phone fun, was GeoIP database issues and the real world consequences

Owen DeLong owen at
Wed Apr 13 20:52:13 UTC 2016

> On Apr 13, 2016, at 13:34 , Jean-Francois Mezei <jfmezei_nanog at> wrote:
> On 2016-04-13 16:18, Peter Beckman wrote:
>>  And further to that, throw in Local Number Portability (LNP) and you
>>  really need to know the full number in order to know which switch the
>>  specific number is assigned to. Not all 408-921 prefixed numbers will go
>>  to that switch in West San Jose.
> Is there the equivalent of BGP for number portability where every telco
> has the full table of who owns each prefix as well as individual routes
> for ported numbers ?

Sort of, but it’s called SS7 and it’s really more like multiple layers
of DNS than like BGP.

> Or is there a central database that is consulted before a dialed number
> starts to be connected so originating telco knows to send call ?

Well, yes and no, but AIUI, the common SS7 database is a lot more like
the DNS root zone.

> Or does the originating telco route the call to the original onwer of
> the prefix and lets that original owner figure out how to terminate the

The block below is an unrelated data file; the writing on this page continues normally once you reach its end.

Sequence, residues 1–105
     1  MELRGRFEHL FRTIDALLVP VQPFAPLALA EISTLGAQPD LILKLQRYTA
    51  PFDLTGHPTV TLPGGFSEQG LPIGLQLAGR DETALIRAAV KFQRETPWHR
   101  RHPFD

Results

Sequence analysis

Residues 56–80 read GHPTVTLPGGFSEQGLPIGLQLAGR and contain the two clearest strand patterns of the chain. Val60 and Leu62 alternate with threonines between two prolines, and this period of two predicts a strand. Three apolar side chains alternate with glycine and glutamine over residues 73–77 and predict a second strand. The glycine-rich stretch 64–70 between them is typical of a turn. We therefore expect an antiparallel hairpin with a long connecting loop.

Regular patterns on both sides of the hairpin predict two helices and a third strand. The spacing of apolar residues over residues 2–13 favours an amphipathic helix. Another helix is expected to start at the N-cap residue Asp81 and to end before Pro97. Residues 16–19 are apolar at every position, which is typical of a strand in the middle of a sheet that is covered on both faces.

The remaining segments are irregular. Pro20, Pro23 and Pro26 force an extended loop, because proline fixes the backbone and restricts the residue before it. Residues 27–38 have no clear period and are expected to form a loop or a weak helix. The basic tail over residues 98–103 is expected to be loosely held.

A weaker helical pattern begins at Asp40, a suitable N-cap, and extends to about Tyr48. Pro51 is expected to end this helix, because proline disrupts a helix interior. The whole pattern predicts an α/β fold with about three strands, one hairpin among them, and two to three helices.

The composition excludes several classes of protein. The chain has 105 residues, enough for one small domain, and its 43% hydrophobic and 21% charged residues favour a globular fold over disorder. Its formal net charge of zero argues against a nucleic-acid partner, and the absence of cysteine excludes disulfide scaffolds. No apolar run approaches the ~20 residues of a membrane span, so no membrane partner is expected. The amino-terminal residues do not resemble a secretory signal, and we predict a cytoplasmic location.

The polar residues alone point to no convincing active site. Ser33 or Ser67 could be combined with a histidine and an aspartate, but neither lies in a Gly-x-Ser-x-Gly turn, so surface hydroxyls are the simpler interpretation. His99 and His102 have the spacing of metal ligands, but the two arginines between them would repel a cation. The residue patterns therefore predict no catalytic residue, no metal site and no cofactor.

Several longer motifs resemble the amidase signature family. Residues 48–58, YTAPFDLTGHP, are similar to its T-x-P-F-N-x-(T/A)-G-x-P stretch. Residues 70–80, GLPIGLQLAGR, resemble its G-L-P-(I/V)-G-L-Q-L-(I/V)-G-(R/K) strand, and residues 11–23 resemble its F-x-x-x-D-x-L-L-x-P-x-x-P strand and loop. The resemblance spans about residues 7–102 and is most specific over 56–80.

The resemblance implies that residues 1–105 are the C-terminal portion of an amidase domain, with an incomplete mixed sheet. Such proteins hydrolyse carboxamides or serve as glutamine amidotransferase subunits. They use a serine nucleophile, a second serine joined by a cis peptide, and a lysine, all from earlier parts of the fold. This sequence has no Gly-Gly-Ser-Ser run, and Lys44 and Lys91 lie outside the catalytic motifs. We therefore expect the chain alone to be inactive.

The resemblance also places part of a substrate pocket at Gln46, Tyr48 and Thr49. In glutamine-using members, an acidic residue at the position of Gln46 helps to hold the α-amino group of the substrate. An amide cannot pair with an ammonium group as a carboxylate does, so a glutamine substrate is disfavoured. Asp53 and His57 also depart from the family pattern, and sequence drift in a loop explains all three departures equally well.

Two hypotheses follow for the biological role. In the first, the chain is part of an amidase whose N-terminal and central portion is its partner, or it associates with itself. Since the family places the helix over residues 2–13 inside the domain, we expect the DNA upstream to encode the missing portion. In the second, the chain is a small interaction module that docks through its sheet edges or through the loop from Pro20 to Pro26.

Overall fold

> call ?

Generally within a country code (NANP is one country code even though it’s
many countries (US, CA, much of the Caribbean), the central SS7 database
will do a longest-match pointed to the correct Telco and possibly the
correct switch at that telco.

However, there are all kinds of different redirects possible within said
telco as well, such as call forwarding (in multiple forms), cellular
registration, VOIP gateways with portable SIP registrations, etc.

>> From a long distance billing point of view, if Bell Canada connects to a
> number originally onwed by AT&T but ported to Verizon, with whom would
> Bell share long distance revenues ?

Generally, Verizon. AT&T won’t usually participate in the call process at all.
(see above).


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